Statistics that are less demanding for sample size following the GLS/ADF estimation have also been developed over the years. One is a corrected GLS/ADF statistic *T*_{cgls} = *T*_{gls}/(1+*F*_{gls}), which was obtained by Yuan and Bentler (1997a) via estimating the covariance matrix of *N*^{1/2} **s** using the cross-product of residuals instead of using 4th-order sample moments. Another is an *F*-statistic (Yuan and Bentler, 1999)

which is referred to an *F*-distribution with *df* and *N* − *df* degrees of freedom. In addition, Yuan and Bentler (1998) also proposed statistics that are based on residuals $\text{s}-\widehat{\sigma}$, where the parameter estimates $\widehat{\theta}$ in $\widehat{\sigma}=\sigma (\widehat{\theta})$ might be obtained by NML or least squares. In addition to being asymptotically distribution-free, these statistics perform reasonably well for medium to large sample sizes (Fouladi, 2000; Nevitt and Hancock, 2004). However, when *N* is relatively small, *T*_{F} tends to over-reject correct models and *T*_{cgls} tends to under-reject correct models (Bentler and Yuan, 1999). Also, we need to have *N* > *df* for *T*_{F} and *T*_{cgls} to be properly defined, and a much larger *N* is needed for them to closely follow their nominal distributions. Because the value of *df* tends to increase fast with *p*, the statistics *T*_{F} and *T*_{cgls} are not solutions to inference issues for SEM when *p* is large.

### 4.3. Other GLS-Type Test Statistics

As described in the previous section, Arruda and Bentler (2017) studied a regularized normal-distribution-based GLS method and found that one of the resulting test statistics performed rather well at *p* = 15 and *N* = 60 for normally distributed data. While this statistic is expected to work better than its unregularized version as well as *T*_{ml} with larger *p*, it is clear that further study on its performance with large *p* and small *N* as well as non-normally-distributed data is needed.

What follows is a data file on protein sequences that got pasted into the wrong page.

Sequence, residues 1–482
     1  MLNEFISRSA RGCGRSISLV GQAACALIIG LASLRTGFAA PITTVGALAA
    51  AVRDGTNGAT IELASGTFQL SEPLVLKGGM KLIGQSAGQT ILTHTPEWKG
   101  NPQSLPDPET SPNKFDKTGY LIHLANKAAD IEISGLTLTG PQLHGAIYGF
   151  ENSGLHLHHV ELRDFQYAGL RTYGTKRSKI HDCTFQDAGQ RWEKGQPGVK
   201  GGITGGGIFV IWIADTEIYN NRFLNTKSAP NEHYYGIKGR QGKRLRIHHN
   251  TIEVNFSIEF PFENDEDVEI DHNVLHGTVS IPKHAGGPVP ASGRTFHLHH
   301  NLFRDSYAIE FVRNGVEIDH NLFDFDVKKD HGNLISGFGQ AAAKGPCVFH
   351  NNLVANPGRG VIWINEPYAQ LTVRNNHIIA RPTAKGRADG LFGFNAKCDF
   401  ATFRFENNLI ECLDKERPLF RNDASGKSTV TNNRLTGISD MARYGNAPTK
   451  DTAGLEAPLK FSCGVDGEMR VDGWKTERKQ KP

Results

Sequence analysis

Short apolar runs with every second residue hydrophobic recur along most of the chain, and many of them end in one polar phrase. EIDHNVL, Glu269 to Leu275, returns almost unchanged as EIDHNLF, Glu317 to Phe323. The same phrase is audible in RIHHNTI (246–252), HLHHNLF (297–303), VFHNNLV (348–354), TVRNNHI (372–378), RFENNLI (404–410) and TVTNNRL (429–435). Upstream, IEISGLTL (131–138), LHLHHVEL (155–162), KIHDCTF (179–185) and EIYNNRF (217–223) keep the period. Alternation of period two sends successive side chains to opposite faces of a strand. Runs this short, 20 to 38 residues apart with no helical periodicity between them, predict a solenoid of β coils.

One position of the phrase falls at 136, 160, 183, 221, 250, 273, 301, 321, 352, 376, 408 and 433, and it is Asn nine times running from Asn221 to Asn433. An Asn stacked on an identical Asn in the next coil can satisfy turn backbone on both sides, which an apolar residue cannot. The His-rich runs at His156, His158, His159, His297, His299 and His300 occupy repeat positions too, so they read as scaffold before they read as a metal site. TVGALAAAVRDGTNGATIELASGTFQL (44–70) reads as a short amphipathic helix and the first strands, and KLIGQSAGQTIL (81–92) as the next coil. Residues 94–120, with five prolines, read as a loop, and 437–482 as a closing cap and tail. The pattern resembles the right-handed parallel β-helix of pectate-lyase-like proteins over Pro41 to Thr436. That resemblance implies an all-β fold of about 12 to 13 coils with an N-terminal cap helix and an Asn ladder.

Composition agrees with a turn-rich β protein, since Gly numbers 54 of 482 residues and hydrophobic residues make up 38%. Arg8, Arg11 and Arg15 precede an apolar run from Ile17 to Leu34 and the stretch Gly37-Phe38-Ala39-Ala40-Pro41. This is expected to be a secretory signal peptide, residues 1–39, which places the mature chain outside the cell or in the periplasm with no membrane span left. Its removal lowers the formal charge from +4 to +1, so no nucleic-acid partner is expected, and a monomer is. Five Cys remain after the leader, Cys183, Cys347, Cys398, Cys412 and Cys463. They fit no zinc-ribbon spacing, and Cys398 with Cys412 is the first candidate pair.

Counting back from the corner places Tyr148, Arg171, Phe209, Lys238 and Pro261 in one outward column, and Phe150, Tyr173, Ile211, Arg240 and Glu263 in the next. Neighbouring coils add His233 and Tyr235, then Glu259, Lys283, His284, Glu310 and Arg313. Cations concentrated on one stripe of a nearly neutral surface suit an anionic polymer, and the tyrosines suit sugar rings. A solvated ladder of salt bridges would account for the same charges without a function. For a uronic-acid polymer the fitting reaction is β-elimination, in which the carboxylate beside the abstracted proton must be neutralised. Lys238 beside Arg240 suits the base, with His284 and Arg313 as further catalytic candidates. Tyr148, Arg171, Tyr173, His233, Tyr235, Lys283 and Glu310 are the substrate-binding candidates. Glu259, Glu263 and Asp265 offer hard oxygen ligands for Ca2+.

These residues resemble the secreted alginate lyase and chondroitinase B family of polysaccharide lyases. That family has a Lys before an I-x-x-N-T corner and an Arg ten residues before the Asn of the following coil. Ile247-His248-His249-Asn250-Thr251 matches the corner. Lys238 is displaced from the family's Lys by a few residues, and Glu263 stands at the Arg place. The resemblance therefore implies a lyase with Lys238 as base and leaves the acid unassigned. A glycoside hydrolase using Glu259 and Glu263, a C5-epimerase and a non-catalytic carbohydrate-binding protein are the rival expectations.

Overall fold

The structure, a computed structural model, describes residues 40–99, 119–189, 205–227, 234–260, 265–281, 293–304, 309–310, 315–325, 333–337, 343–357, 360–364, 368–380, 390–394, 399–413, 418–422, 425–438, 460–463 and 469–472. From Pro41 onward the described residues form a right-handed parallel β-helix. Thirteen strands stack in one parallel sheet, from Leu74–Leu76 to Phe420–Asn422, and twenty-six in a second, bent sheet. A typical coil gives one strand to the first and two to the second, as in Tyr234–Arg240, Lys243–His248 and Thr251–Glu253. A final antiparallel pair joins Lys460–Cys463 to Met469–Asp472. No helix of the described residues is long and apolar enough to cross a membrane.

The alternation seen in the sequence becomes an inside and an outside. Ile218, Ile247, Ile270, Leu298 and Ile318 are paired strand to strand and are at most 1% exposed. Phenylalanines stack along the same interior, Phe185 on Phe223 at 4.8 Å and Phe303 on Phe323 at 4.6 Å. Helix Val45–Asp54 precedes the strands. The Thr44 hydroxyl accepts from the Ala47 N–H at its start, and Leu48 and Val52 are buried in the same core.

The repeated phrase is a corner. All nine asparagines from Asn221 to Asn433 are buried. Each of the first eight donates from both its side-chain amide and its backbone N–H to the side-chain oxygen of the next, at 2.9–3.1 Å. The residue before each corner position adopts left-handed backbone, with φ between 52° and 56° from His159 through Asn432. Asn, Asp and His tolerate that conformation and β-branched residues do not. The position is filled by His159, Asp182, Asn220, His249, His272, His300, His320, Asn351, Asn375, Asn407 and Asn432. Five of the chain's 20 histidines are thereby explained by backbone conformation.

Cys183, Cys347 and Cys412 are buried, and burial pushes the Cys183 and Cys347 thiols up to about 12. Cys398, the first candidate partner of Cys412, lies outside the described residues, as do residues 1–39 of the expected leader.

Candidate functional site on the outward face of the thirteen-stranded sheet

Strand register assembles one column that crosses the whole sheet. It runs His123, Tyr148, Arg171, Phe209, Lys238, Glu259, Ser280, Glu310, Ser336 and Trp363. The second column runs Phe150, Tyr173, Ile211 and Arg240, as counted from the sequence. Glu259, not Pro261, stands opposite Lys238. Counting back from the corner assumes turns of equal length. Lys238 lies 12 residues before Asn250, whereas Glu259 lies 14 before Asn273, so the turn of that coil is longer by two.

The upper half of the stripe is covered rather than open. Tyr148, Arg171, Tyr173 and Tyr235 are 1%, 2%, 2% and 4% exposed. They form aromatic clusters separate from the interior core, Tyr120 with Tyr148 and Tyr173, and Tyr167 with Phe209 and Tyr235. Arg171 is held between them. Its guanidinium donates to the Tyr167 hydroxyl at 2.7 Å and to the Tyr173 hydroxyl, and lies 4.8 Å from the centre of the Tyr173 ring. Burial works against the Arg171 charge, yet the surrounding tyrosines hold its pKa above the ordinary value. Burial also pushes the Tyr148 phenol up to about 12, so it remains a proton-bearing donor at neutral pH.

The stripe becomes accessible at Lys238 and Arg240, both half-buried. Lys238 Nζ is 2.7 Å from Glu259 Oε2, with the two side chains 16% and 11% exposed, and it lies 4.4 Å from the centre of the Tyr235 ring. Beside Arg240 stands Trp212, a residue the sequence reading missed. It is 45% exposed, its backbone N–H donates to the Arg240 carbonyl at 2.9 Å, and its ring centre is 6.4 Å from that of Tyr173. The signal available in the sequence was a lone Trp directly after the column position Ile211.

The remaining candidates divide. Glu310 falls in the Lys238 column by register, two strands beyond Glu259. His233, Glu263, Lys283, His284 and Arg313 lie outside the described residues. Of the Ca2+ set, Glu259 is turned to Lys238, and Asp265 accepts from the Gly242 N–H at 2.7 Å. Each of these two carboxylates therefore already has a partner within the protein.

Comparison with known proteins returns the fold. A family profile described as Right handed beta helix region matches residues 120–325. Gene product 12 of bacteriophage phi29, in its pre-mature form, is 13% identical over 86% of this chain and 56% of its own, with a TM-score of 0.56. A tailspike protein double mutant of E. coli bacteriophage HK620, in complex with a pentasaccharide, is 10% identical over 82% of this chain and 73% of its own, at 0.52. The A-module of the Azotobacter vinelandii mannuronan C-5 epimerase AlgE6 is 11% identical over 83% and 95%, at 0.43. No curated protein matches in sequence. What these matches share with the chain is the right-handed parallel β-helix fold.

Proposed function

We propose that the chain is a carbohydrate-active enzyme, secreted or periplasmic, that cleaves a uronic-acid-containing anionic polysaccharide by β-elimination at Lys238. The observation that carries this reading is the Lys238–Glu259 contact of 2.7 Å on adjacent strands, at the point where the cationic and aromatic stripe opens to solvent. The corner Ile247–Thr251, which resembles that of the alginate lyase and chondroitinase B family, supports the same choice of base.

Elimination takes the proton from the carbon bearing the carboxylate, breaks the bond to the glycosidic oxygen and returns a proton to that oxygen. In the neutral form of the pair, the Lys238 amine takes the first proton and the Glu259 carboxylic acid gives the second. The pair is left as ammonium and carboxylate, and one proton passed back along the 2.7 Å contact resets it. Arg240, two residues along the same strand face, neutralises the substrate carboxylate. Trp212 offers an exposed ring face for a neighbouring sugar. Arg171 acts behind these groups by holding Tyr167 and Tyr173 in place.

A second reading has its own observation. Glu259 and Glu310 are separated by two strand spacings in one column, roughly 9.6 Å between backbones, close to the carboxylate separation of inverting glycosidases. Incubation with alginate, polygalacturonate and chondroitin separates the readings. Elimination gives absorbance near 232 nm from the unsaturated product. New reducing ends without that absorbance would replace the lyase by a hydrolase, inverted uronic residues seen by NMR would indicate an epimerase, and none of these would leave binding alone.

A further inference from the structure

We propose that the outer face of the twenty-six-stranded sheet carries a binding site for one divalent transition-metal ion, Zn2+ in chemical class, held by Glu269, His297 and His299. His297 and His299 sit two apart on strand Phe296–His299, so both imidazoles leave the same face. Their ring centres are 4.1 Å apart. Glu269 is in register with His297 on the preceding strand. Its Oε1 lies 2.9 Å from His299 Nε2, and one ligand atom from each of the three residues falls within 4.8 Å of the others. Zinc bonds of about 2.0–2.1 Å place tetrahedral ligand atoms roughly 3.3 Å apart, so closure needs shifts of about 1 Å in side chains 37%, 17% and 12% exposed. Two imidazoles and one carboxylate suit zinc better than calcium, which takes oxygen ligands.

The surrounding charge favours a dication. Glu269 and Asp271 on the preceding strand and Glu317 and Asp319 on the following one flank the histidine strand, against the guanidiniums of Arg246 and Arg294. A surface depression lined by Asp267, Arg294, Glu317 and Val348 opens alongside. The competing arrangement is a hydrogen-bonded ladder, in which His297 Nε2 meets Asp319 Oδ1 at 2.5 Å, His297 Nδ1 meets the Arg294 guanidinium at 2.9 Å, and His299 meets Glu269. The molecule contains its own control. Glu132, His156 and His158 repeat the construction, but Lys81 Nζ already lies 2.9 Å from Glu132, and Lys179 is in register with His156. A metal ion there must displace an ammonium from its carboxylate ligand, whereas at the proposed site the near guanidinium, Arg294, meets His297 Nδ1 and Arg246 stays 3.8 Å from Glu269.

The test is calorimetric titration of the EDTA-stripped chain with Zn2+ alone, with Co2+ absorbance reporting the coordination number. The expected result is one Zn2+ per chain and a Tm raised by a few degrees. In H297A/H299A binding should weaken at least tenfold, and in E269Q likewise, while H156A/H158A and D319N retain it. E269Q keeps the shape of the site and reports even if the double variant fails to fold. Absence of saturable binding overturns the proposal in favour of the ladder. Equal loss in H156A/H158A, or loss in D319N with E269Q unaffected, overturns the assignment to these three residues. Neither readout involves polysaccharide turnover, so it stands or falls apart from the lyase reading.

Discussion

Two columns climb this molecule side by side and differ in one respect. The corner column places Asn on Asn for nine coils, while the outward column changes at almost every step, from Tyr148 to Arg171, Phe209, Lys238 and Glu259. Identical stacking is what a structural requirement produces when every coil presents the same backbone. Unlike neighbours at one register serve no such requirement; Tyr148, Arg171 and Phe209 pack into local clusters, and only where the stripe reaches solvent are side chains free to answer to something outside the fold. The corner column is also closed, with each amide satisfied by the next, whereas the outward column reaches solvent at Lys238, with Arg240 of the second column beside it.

Following the NML estimation method, a GLS-type statistic is obtained when the weight matrix is obtained by the estimated covariance matrix instead of the sample covariance matrix. This statistic is called “the normal theory RLS chi-square" statistic in EQS (Bentler, 2006). A ridge version of this statistic obtained by fitting the polychoric correlation matrix with ordinal data was studied in Yuan et al. (2011). They found that the rescaled and adjusted versions of the ridge RLS type statistics performed much better than the rescaled and adjusted versions of the ridge ML type statistics. Because the formulation of the ridge RLS type statistic is very close to the regularized GLS statistic studied in Arruda and Bentler (2017), in general we would expect that the rescaled and adjusted ridge RLS type test statistics to perform better than the rescaled and adjusted ridge ML statistics with large *p*. Of course, additional research is clearly needed in this direction before any definitive conclusion can be drawn. As pointed by Huang and Bentler (2015) and noted in the previous section, the poor performance of the GLS/ADF statistic *T*_{gls} is closely related to the condition of the weight matrix $\text{W}={\widehat{\Gamma}}^{-1}$ in Equation (2), especially if $\widehat{\Gamma}$ is near singular when *N* is small relative to *p*. Using the idea of principal components, Chun et al. (2017) proposed to test the structural model by ignoring the directions corresponding to the smallest eigenvalues of $\widehat{\Gamma}$. The resulting statistic is shown to control type I errors better. But the null hypothesis of the test is different from that of other test statistics reviewed in so far, because the test is unable to identify misspecifications in the direction represented by the vectors corresponding to the smallest eigenvalues of $\widehat{\Gamma}$.